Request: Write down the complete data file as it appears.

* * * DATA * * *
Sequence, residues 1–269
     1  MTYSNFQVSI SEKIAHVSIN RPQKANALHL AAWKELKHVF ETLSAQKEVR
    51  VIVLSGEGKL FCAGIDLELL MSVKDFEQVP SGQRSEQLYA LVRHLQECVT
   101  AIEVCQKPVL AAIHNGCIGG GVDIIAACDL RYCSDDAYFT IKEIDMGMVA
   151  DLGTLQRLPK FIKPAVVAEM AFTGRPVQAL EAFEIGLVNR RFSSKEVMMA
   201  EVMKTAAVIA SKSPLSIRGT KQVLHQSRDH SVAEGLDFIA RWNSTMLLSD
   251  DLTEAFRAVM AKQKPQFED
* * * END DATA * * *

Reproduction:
Sequence, residues 1–269
     1  MTYSNFQVSI SEKIAHVSIN RPQKANALHL AAWKELKHVF ETLSAQKEVR
    51  VIVLSGEGKL FCAGIDLELL MSVKDFEQVP SGQRSEQLYA LVRHLQECVT
   101  AIEVCQKPVL AAIHNGCIGG GVDIIAACDL RYCSDDAYFT IKEIDMGMVA
   151  DLGTLQRLPK FIKPAVVAEM AFTGRPVQAL EAFEIGLVNR RFSSKEVMMA
   201  EVMKTAAVIA SKSPLSIRGT KQVLHQSRDH SVAEGLDFIA RWNSTMLLSD
   251  DLTEAFRAVM AKQKPQFED